How To Buy A Home This Year
Buying A Home

How to Buy a Home This Year

Written by Rebecca Lake

Thanks to new lending guidelines from Fannie Mae and Freddie Mac, buying a home is expected to be easier in the new year than it was in 2014. One of the most important changes for prospective home-buyers has to do with how lenders will view minor credit blips when reviewing mortgage applications.

If you’ve had a late payment or two in the past, they’re less likely to count against you when it comes to securing financing. That doesn’t mean, however, that you’ll automatically qualify for a home loan if you have a score that’s just okay. If buying a home is in the cards for 2015, here are five things you should be doing now to give your credit a boost:

1. Take a look at what’s in your report

If it’s been awhile since you checked out your credit report, now’s the time to give it a closer look. You’ll want to get copies of your report from each of the three major reporting bureaus, since the information that’s listed may vary. If you think your credit’s in pretty good shape, you can do this about two to three months before applying for a mortgage. You’ll want to give yourself six to nine months if you know there are some major negative marks you’ll need to clean up.
When you’re reviewing your reports, there are some specific things to pay attention to, starting with the kinds of credit you have. Ideally, there should be a mix of installment loans and revolving accounts, since each of them are weighted differently when it comes to how your score is calculated. If you’ve only got one or two credit cards, you might want to consider adding a small personal loan to even things out a bit. Just keep in mind that you don’t want to go crazy applying for new loans or lines of credit, since that could actually cause your credit score to go down.

The next thing to focus on is how old your accounts are. The longer your credit history is, the better since it demonstrates to mortgage lenders that you know what you’re doing when it comes to things like loans or credit cars. If you’re tempted to close any old accounts you don’t use, don’t–that can actually work against you when you’re trying to buy a home.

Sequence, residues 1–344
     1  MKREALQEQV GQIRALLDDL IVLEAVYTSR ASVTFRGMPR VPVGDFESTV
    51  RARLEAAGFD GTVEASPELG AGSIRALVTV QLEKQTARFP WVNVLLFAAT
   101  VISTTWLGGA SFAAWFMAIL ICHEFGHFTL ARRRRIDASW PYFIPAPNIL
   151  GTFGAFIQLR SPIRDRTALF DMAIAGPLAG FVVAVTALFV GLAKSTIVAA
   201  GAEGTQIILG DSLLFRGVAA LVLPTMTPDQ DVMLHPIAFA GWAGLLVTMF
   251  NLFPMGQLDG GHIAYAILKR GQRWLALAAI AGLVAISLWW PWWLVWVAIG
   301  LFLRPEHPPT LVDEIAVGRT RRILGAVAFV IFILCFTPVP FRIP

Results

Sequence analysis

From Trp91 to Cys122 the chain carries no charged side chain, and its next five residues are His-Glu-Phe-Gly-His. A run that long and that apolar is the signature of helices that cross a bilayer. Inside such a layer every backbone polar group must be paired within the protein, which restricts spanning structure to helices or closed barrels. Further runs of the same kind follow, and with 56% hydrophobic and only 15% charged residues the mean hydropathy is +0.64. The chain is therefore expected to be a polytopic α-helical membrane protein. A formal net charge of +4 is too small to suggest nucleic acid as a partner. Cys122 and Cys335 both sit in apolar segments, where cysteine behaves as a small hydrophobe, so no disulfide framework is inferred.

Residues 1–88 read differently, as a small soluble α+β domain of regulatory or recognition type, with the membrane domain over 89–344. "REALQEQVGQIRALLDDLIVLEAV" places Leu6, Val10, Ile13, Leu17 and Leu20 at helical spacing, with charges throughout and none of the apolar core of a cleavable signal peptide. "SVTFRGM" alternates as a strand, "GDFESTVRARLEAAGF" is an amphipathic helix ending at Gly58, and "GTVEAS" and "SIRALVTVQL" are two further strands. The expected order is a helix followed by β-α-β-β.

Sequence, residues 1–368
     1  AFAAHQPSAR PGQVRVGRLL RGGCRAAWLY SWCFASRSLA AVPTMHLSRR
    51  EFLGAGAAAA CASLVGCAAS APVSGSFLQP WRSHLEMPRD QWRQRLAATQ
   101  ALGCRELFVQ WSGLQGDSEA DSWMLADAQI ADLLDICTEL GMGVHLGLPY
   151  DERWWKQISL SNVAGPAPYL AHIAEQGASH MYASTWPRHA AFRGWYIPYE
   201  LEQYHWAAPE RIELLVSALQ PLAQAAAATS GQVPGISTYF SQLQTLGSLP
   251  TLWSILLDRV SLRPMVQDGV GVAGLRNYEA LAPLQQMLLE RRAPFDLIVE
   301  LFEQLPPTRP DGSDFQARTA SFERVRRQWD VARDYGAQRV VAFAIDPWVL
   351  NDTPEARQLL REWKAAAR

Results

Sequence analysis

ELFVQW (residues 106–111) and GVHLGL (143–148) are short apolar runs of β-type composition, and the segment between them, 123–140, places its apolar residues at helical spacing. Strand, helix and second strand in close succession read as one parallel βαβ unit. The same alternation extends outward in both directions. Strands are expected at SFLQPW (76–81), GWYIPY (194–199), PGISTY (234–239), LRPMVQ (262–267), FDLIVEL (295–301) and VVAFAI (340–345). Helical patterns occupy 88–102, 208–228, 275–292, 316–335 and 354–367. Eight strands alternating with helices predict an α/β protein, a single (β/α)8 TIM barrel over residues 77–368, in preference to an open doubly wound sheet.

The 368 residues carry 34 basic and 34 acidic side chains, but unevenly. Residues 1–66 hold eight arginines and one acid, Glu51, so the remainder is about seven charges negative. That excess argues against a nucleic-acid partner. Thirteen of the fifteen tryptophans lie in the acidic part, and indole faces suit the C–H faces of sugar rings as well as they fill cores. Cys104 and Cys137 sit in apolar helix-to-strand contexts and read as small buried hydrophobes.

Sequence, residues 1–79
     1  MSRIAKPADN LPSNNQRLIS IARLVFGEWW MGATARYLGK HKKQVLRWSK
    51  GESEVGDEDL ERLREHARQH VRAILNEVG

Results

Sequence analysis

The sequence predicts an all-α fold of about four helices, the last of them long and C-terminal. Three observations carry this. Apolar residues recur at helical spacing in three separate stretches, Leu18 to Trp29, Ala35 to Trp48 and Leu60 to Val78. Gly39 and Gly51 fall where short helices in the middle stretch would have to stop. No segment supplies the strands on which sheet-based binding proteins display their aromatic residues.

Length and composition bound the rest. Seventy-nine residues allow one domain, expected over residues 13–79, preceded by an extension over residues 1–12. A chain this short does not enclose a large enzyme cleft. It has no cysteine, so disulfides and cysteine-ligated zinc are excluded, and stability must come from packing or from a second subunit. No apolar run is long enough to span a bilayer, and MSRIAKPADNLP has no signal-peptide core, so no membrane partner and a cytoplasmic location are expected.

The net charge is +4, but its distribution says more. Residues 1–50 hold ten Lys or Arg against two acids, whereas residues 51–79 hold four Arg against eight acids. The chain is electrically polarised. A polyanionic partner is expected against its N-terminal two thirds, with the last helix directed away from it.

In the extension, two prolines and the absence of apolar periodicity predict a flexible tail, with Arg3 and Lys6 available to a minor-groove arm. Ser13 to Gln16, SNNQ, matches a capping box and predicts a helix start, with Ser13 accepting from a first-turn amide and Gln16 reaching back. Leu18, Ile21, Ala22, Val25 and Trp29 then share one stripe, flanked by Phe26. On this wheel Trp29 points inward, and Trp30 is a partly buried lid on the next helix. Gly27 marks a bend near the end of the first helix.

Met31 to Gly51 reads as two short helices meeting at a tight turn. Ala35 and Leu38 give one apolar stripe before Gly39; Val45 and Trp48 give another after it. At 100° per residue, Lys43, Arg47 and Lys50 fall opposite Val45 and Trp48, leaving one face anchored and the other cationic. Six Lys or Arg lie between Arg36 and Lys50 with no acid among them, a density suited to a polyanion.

2. Correct errors and mistakes

While you’re browsing around your report, you want to be on the lookout for any signs of suspicious activity on your account. If you see a credit card that you don’t recognize or you’ve got balances on cards that you don’t normally use, that’s a big red flag that someone may have stolen your information. You’ll need to contact your creditor and the reporting agencies to issue a fraud alert to prevent additional fraudulent charges.

You’ll also want to check for errors or inaccuracies, such as a balance that’s being reported incorrectly or payments that weren’t applied properly. If you spot something that doesn’t seem right, you’ll want to initiate a dispute with the agency that’s reporting the information. Getting even a seemingly minor error corrected or removed altogether could mean the difference between a so-so credit score and one that’s good enough to qualify for a home loan at a great rate.

About the author

Rebecca Lake

Rebecca Lake is a personal finance writer and blogger specializing in topics related to mortgages, retirement and business credit. Her work has appeared in a variety of outlets around the web, including Smart Asset and Money Crashers. You can find her on Twitter at @seemomwrite or her website, RebeccaLake.net.

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